What Can Young Caregivers Do?

As you go through your caregiving experience, ask what you can learn from being a young caregiver. Looking back, my siblings and I could have done a better job caring for my mom if we had been better educated about her health issues. We made mistakes because we didn’t know what to do or what questions to ask, much like being a caregiver when you are young.

We trusted the doctors and the hospital system to tell us everything we needed to know. Know that this is an unrealistic expectation. Remember, any person can only help others to the degree that they have had a similar experience or have information or knowledge that because of experience extends into other areas that can be helpful. The doctors we worked with were unaware of resources and support in the community.

Also, your parents, when they are having health issues, may not know what to do—what questions to ask. They may want medical care or not trust doctors or the healthcare system.

And as a young caregiver, you may be watching all of this happen and not know how to talk to your parents. This is normal. If your parents are experiencing these issues for the first time, they may not know what to do. So it can be a difficult, frustrating, and scary experience which is why you must seek outside support, help, and resources. I know I sound like a broken record here.

So this leads to what advice I have for being a caregiver when you are young. The guidance relates to being a caregiver and the broader aspects of life that everyone experiences.

1 Avoid Assumptions

The first piece of advice is never to assume that someone else has handled it or has the answers—even if this person is your parent or your brother or sister, or someone in your family. It’s okay to ask questions and say, “I’m worried about your health. What steps are you taking to manage this? Is there anything else that can or should be done?”

If your parents have not used the skill of discernment, share the concept with them. As a family, use discernment to balance, gather information, and make decisions. Don’t rely on past experience that may not be relevant. Discernment is a skill everyone can learn.

Using discernment means asking about the pros and cons and the future consequences of doing or not doing. So, for example, what happens if we do this? What happens if we don’t do this?

And how does this affect mom, dad, my brothers, my sisters, me, our family, the house we live in, the family income? Poor health affects the ability of a parent to support a family or an individual to support him or herself. Watch and learn from this experience because it will affect the rest of your life.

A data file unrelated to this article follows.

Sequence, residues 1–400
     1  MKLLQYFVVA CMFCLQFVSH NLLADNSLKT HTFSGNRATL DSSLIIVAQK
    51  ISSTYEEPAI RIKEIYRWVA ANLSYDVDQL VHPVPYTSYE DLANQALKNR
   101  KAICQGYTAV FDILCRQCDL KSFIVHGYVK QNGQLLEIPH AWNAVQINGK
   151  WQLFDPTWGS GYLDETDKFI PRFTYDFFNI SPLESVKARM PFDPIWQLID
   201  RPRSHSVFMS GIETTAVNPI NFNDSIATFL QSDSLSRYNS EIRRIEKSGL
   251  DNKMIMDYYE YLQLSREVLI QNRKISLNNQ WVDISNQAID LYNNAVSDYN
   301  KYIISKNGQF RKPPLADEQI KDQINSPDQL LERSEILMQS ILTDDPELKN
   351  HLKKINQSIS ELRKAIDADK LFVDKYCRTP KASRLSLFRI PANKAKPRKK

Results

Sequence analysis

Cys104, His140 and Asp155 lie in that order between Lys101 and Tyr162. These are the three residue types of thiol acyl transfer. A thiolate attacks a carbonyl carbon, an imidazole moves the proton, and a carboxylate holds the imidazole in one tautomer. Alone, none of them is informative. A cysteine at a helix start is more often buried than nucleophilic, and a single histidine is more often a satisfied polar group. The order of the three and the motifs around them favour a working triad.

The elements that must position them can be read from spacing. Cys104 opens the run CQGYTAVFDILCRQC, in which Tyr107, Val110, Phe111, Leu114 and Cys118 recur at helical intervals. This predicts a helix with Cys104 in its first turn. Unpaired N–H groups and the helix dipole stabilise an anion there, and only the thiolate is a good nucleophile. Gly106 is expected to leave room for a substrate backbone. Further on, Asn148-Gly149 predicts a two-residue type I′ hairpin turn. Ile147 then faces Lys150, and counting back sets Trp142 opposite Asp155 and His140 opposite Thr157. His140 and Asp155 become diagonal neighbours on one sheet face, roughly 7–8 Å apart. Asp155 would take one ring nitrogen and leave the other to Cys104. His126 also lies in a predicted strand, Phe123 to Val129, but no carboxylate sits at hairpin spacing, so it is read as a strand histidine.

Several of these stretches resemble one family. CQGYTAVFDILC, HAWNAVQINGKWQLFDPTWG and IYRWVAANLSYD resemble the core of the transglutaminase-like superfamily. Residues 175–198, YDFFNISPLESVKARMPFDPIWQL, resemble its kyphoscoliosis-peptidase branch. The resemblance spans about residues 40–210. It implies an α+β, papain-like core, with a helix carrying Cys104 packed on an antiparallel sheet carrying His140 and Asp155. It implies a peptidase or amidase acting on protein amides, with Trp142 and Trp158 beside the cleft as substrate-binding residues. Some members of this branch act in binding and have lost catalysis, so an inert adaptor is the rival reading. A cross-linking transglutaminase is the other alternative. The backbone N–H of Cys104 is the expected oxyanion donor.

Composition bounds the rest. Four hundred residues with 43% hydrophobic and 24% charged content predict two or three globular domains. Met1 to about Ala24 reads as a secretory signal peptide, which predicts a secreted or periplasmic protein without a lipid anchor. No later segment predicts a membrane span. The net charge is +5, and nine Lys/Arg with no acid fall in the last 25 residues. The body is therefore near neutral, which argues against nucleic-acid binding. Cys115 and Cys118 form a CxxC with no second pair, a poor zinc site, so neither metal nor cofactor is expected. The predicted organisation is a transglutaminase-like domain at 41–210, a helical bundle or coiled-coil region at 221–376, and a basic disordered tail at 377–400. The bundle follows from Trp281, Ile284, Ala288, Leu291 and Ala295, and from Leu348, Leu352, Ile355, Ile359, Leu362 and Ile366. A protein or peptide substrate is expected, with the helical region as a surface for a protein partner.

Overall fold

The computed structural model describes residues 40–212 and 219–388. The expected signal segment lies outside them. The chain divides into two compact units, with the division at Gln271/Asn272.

2 Use Grandparents As Support System If Possible

If you are young and don’t know what to do, use grandparents as a support system if possible. If you are having difficulty talking to your parents or if your parents don’t want to talk to you about health issues ask your grandparents to help you.

Now, this depends on the relationship that your parents and their parents have. In some families, this relationship is strained, and it can affect relationships with grandchildren.  Separately, your parents may not want you talking to their parents sharing what they see as family secrets, but sometimes there may be nowhere else to turn.

The only grandparent I knew was my step-grandmother because my mother’s father died when I was five years old. She was beautiful and amazingly loving, and kind. I couldn’t have asked for a better grandmother.

But even in my twenties, when my mom was having health issues, I never thought to ask grandma about her experiences or what she thought or any advice she might have for me. Initiating conversations can help young caregivers through difficult times.

This is an example of the lack of insight that young adults, really everyone, can have at any age. Help is there waiting but we don’t know to ask for it.

Looking back, I missed an opportunity. There were questions that I could have asked about how to care for my mom and what happens with health issues. Worst case, grandma could have been a comforting person in my life. There were so many other questions that could have been asked and answered that were lost when she died.